Public relations may be a process, but clients too often only want to see results. The challenge for PR professionals is to quickly deliver headlines while building a foundation that allows us to provide long-term value that can only come from truly knowing our clients’ business – and not just their industry.
It takes time to understand your client’s business, their status and role in their industry, and how they can impact their customers. While we are educating ourselves so that we can speak intelligently about our clients to the media, the proverbial “media relations clock” has already begun ticking. For better or worse, public relations professionals are typically measured by the number of media hits they score for their clients.
Today, press releases are becoming more of a formality and less of a source for media to publish news. If you wait for the next company press release to help you get that feature article, you might be waiting for a long time. While most industries have under-staffed media outlets that simply publish press releases on a web site, most respected publications that drive thought leadership don’t want to simply regurgitate company news. They want to report on how organizations are using new technology, handling the latest trend or tackling new challenges.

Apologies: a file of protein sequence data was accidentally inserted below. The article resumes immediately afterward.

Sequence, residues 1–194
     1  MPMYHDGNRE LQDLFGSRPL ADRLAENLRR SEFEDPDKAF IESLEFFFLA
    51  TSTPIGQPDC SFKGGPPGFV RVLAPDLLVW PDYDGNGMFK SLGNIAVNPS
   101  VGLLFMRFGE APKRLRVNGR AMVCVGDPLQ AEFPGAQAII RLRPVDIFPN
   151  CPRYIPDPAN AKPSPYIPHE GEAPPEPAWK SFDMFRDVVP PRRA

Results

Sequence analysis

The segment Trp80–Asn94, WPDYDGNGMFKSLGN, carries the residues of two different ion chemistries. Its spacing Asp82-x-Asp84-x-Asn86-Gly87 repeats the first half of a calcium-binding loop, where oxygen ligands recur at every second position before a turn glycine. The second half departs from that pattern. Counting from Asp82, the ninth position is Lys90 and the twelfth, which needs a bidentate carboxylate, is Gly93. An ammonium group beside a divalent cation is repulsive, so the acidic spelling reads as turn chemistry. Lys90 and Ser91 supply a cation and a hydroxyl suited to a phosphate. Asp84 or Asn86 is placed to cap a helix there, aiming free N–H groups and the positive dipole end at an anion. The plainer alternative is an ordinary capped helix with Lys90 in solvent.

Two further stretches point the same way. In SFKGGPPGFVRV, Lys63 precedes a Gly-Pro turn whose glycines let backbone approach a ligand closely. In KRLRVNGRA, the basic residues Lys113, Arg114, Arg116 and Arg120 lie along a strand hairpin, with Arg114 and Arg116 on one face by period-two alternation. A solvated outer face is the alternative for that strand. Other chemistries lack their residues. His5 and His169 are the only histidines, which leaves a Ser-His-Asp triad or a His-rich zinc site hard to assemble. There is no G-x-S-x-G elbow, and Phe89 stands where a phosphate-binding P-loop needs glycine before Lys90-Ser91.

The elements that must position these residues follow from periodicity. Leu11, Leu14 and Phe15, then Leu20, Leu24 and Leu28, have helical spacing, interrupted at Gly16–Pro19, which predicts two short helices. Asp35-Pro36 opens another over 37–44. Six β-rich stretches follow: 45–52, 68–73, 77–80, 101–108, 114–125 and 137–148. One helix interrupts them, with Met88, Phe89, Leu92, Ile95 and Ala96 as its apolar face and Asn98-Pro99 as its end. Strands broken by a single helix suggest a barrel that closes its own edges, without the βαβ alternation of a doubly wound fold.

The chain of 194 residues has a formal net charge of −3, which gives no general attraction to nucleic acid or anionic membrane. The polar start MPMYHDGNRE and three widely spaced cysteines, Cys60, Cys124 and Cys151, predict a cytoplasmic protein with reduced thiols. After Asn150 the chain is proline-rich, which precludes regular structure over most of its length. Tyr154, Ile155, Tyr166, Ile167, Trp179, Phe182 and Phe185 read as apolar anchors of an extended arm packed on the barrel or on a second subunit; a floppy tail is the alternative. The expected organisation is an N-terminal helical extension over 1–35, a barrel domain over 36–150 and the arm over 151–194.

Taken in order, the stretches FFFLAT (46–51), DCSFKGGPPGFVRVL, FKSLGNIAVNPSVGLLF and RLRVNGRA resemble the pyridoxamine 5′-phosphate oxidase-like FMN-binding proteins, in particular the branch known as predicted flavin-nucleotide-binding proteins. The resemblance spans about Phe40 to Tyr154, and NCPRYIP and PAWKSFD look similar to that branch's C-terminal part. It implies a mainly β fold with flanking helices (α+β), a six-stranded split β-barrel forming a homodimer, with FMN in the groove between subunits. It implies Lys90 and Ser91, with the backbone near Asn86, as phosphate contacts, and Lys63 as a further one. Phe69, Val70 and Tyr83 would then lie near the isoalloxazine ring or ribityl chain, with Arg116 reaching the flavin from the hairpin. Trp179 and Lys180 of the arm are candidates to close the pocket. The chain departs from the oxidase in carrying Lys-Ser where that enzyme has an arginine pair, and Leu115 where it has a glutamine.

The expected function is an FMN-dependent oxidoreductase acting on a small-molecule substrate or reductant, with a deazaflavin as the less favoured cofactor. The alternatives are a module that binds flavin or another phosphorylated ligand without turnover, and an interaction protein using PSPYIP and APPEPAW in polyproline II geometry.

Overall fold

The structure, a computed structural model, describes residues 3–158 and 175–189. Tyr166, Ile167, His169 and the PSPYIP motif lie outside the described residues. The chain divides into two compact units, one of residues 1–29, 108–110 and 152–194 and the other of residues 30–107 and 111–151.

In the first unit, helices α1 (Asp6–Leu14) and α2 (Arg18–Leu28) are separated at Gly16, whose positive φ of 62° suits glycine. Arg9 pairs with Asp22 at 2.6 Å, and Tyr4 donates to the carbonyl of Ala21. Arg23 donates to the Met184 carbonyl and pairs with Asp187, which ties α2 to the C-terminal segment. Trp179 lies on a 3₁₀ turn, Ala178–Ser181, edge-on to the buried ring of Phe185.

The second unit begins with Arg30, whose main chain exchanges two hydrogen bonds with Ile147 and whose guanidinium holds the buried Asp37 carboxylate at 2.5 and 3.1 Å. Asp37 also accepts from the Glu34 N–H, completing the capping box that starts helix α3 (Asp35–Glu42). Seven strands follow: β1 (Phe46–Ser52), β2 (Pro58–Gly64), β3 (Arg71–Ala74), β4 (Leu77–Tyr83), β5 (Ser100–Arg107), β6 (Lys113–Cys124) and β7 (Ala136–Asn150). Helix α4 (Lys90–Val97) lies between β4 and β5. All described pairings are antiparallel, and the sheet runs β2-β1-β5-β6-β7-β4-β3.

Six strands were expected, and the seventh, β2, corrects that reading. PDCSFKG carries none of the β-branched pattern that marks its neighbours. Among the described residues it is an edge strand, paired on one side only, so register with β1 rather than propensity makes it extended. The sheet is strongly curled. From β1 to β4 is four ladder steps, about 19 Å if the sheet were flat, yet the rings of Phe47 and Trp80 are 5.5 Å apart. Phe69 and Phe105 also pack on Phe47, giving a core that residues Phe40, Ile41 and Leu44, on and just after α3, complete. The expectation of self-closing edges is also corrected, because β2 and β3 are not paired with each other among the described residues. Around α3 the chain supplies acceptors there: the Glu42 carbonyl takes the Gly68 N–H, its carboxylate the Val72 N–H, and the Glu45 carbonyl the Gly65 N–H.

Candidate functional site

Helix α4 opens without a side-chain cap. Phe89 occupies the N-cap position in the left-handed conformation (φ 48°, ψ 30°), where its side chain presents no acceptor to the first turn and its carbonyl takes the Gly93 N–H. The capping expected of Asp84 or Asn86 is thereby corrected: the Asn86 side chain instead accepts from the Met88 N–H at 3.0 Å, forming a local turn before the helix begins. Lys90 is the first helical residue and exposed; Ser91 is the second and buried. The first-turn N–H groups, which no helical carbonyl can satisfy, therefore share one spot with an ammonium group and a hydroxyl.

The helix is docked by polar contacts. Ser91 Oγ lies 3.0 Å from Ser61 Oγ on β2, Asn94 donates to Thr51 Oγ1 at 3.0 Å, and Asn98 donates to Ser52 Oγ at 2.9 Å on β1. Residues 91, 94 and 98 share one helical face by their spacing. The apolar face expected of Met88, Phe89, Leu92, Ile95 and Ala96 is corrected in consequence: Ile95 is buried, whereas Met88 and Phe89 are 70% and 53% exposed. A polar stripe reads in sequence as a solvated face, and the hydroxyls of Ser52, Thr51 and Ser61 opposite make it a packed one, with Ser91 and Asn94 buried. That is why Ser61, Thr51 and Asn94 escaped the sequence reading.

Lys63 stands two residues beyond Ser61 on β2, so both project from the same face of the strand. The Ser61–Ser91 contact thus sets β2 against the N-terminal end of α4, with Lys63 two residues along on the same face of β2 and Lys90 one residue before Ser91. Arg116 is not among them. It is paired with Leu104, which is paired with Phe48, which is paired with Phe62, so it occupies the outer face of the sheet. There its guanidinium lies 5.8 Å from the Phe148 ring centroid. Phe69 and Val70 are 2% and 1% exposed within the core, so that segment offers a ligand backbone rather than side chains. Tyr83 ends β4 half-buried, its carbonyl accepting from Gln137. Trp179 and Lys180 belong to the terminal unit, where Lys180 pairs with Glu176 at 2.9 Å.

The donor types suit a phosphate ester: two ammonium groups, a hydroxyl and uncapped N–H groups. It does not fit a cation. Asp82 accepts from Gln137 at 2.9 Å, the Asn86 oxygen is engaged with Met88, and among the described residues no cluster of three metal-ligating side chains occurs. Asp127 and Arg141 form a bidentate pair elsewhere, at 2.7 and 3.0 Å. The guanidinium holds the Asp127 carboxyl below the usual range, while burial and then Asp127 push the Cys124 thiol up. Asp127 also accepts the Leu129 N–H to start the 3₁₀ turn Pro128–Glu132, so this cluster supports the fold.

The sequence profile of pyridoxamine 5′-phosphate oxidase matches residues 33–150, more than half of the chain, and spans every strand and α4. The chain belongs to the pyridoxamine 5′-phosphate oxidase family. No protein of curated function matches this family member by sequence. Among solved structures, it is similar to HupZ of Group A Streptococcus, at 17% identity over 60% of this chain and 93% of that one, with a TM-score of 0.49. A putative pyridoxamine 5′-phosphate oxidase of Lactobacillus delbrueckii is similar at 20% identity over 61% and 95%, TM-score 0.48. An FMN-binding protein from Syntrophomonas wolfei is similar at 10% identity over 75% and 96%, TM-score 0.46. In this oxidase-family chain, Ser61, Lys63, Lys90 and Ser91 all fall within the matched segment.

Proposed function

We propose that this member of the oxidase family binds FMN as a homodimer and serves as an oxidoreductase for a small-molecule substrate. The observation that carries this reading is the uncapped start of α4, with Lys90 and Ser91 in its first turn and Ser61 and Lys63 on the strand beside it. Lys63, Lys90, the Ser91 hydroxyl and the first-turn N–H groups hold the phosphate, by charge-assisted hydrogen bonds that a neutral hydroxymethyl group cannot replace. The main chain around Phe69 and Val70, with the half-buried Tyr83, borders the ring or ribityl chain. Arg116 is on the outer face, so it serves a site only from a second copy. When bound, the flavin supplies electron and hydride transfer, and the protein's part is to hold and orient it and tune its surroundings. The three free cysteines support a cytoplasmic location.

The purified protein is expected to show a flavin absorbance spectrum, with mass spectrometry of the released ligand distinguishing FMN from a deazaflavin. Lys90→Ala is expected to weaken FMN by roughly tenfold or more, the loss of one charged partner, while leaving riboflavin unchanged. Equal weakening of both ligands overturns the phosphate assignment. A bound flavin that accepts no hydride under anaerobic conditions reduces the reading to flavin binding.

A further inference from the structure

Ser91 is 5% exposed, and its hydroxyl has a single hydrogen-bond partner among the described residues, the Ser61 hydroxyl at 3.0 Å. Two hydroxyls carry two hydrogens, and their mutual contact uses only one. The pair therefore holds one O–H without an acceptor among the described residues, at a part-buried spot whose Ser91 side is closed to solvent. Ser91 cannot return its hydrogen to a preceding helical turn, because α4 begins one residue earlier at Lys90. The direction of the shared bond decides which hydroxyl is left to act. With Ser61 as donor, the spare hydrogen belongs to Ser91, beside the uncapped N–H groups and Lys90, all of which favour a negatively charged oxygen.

Below are four areas that I have found help me the most when I need to generate news for a new client or just need to do a media refresh with an existing client. Of course, you start with learning the industry, but the goal should be to understand and clearly communicate your client’s specific value in the industry.
- Identify your client’s industry trends and challenges and then learn how your client can/does address these issues. A thought-leadership blog post or a bylined article idea may come about when you do.
- Understand what motivates a customer to seek out your client’s products or services. In addition to a thought-leadership article, webinar topics often are gleaned when you understand customer intentions.
- Find out what objections a customer may have to using your client’s products or services. You can then address these objections in a bylined article or begin a conversation with a key group on LinkedIn.
- Learn what your client does well and find out why their customers continue to use their products or services. A customer case study goes a long way in helping to show that your client’s products or services are a “must have” and not just a “nice to have.”
While there is no magic recipe for media relations success, PR professionals will greatly increase their chances of getting ink if they take the time to not just know what press release is being distributed next, but actually understand how that news impacts their client and its stakeholders.